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Ever wonder how big your snapshots are?

I often call snapshots "the silent datastore killer". When you create a snapshot, the system records the difference between the current state and the state when the snapshot was made in something called a delta file. The delta file can grow to be as big as the base disk itself if you write a lot of data to it. If you create a snapshot of that snapshot, the process begins again, and that snapshot can also grow to be as big as the base disk.

I’ve personally filled up many a drive with snapshots that I’ve forgotten about. When your datastores fill up, any VM trying to expand files on that datastore (for example if it has snapshots it is trying to grow) will freeze until some space becomes available. It’s a real disaster and I’ve even heard of people going so far as to disable snapshots entirely.

The trouble is that VI Client doesn’t give you an easy way to figure out how big snapshots are. Even if it did, do you really want to sift through dozens or hundreds of VMs on a regular basis looking for big snapshots manually? We need automation to solve this problem.

A new cmdlet in the VI Toolkit Extensions can help. Get-TkeSnapshotExtended adds a property called SizeMB to snapshot objects. To use it, load the VI Toolkit Extensions (in PowerShell v2 CTP2 or higher) and run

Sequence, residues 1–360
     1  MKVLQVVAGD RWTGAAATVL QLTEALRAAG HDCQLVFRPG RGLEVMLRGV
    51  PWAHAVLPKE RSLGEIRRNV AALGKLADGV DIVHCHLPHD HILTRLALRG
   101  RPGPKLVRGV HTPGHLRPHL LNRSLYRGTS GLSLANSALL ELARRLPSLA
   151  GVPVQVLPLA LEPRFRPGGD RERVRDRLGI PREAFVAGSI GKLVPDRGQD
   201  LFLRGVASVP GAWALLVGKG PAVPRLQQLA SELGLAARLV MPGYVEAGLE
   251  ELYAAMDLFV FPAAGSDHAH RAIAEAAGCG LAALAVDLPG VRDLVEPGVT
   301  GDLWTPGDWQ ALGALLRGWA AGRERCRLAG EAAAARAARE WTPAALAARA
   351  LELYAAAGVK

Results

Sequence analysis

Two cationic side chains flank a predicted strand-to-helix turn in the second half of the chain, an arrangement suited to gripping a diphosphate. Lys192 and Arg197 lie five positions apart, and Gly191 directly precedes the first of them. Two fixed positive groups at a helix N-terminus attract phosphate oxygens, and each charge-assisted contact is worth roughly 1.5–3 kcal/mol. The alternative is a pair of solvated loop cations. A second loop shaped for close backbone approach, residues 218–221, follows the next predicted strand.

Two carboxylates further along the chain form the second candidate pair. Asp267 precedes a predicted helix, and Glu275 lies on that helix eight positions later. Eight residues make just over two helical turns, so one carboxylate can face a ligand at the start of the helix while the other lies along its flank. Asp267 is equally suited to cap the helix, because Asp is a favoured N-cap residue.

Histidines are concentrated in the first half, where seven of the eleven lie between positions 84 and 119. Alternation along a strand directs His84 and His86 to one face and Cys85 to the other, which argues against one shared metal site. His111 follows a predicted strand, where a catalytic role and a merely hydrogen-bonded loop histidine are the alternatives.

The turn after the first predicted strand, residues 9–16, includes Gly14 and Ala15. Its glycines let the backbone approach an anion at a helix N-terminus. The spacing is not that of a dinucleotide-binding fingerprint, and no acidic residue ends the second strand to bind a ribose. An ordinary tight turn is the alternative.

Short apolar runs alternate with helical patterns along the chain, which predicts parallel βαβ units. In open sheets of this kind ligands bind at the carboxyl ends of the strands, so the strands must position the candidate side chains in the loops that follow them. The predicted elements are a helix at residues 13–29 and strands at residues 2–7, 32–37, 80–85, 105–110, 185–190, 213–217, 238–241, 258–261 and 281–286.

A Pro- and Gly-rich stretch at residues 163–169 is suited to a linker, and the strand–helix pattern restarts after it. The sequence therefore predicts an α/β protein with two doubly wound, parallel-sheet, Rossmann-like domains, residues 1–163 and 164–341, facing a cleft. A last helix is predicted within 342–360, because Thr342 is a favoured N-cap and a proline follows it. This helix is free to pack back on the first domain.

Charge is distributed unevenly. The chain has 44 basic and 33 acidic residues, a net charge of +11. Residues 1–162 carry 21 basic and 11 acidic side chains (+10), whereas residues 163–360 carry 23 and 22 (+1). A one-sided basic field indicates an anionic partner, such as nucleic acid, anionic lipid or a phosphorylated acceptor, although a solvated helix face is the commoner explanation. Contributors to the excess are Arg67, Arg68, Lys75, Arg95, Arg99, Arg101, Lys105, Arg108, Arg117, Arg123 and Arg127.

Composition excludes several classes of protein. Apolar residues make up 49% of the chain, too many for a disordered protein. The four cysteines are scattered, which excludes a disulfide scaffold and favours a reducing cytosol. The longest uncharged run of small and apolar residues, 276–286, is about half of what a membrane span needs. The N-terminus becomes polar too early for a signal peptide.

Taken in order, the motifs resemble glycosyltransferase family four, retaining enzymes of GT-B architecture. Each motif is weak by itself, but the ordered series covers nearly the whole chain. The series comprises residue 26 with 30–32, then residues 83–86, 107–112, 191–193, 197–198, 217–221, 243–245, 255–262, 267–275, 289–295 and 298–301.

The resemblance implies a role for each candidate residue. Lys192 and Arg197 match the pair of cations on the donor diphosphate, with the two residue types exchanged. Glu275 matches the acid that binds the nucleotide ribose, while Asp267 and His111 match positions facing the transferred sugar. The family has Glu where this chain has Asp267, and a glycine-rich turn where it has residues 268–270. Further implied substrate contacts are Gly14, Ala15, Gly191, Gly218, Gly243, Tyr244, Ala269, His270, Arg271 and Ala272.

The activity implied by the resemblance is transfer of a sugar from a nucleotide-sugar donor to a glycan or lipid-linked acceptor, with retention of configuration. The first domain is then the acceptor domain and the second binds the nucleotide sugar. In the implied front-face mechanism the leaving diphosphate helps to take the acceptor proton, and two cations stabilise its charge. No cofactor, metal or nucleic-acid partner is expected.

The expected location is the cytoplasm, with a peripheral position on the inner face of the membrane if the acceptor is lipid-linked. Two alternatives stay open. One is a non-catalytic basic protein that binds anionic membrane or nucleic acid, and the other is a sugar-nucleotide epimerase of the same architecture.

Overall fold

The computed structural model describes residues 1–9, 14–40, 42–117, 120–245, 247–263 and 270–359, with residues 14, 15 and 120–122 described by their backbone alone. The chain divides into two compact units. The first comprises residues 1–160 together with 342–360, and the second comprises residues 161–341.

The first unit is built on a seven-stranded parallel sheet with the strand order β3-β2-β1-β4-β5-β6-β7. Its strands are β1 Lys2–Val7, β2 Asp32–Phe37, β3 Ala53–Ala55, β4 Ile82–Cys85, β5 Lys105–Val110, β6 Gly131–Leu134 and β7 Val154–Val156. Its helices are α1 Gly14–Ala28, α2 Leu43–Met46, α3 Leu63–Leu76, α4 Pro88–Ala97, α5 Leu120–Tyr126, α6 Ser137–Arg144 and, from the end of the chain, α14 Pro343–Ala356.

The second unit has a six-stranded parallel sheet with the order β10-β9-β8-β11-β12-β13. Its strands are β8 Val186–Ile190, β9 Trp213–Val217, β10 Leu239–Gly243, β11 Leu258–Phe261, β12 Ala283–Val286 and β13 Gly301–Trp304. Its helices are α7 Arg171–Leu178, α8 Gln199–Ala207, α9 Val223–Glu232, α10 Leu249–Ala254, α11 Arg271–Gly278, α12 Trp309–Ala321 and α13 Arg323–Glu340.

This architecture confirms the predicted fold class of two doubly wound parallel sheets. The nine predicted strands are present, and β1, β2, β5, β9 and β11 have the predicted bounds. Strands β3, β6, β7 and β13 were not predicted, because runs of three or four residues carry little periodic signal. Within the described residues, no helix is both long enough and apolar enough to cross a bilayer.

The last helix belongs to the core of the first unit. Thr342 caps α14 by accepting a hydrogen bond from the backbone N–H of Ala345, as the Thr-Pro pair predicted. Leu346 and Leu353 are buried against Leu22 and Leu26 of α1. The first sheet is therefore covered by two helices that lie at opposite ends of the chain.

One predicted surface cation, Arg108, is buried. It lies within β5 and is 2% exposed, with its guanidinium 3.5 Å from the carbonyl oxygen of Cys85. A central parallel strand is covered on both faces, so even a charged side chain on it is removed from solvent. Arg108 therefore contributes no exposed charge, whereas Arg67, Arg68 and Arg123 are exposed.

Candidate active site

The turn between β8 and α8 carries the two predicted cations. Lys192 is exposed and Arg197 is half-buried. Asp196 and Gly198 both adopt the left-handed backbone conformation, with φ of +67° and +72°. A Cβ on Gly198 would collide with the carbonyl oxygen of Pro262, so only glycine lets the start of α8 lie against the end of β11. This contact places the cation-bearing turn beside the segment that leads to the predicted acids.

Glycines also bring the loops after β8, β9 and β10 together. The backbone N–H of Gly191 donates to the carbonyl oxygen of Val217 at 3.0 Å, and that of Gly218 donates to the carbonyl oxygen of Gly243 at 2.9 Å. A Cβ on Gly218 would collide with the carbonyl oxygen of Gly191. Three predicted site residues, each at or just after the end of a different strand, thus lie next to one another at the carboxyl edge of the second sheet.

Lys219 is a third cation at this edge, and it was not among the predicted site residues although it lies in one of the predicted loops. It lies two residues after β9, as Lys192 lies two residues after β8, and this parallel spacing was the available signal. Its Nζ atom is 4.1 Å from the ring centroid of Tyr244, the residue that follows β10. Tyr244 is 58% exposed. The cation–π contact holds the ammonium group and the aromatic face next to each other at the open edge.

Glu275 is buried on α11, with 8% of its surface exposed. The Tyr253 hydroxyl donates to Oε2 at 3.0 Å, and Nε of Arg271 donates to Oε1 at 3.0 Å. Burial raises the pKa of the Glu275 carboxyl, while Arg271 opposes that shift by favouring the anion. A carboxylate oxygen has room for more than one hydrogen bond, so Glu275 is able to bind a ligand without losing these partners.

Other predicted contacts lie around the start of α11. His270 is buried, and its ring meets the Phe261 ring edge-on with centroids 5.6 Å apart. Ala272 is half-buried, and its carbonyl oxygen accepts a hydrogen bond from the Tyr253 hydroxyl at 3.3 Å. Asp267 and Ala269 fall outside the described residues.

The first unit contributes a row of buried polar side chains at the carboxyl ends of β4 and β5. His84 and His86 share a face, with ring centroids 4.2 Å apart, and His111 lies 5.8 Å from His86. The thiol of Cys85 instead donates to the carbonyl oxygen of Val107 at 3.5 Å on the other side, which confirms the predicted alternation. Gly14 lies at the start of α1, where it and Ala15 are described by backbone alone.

Here’s some sample output:

Shot2 

Hope that helps!

2 thoughts on “Ever wonder how big your snapshots are?

  1. Kimono

    Does this only take into account snapshots registered within VC database? We ocassionally get detached delta files that are on the datastore, but not in the Database. Hence we still run snaphunter from the first host in every cluster, and just report on all delta files…

    Reply
  2. Carter Shanklin

    The extensions also has a cmdlet called Get-TkeOrphanedVmdk. Running these two cmdlets might give you what you’re looking for.

    Reply

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